Wong Jing's sequel to All for the Winner and spin-off to God of Gamblers finds Chow Sing Cho looking up to Michael "Dagger" Chan in order to become Ko Chun's next disciple, but the two must... See full summary »
"Lucky" Coffee Shop is well known for its egg tarts and tea. Waiter Sui, named as Prince Egg Tart, attracts lots of girls but only loves Candy. He and his friends, Nam, and Fok, all have ... See full summary »
Daniel Hiu Tung Chan,
Tung Yen goes into jail for her boyfriend, Walkie Pi, after they kill a gang boss together. On the other hand, Walkie Pi escapes to Holland. When Tung Yen gets out, she hooks up with club owner, Playboy Man, and runs the girls at his club.
May lives with her three male friends, and when they are all separately fired from their jobs, she suggests they open up a bar together, and begin to examine their love lives. Tung is torn ... See full summary »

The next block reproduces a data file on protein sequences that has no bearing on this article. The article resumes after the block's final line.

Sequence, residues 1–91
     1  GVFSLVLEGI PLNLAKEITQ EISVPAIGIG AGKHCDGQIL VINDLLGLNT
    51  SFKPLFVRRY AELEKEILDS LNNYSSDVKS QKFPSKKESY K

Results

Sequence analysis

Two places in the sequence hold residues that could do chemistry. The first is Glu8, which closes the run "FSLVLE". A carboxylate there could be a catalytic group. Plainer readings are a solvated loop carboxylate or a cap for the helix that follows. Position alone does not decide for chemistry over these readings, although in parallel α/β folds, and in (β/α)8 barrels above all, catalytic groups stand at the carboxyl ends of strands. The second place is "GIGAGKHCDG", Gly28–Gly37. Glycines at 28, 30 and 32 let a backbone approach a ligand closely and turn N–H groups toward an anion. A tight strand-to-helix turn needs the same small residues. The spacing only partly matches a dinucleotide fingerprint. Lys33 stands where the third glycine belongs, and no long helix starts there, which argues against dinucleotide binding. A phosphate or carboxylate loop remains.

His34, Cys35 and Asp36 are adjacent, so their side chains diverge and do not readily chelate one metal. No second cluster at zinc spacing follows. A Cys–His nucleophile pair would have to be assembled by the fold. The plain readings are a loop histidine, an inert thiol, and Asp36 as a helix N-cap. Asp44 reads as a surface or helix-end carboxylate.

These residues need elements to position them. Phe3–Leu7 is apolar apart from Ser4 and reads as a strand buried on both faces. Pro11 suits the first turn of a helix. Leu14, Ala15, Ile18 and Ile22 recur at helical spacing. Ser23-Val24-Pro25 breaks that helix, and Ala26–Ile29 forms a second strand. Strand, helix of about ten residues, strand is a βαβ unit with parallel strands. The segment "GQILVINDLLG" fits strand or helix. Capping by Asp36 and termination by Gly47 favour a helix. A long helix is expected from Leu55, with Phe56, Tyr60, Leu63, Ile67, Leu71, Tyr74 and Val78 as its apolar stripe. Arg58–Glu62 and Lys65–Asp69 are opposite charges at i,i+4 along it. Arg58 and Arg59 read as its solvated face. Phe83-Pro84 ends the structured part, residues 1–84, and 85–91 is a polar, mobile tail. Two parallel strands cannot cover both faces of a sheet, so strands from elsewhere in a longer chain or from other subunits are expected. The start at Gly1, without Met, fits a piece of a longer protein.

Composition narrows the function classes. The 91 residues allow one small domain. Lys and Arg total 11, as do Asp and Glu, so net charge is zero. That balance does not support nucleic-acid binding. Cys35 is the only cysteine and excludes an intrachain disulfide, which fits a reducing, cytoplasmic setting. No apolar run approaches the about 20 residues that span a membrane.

You'll probably laugh, but you might not have gotten the object of satire by reading the subtitles, which is why I have provided this summary. I'm pretty sure Wong Jing was involved in this -- in fact one of the characters is Wong Jing as a young man. If you are a die hard Wong Kar Wai fan, you will laugh when you watch this film.
"Those Were the days" speculates on what would happen if a hot international art house director (a.k.a. WKW) were transported back in time to the 1960s Hong Kong film industry. Highlights include: WKW meets Wong Jing as a child and profoundly influences career; WKW attempts to make his kind of films with the resources, talent, and expectations of 1960s HK filmmakers, and a lot of other Hong Kong /Wong Jing style zaniness.
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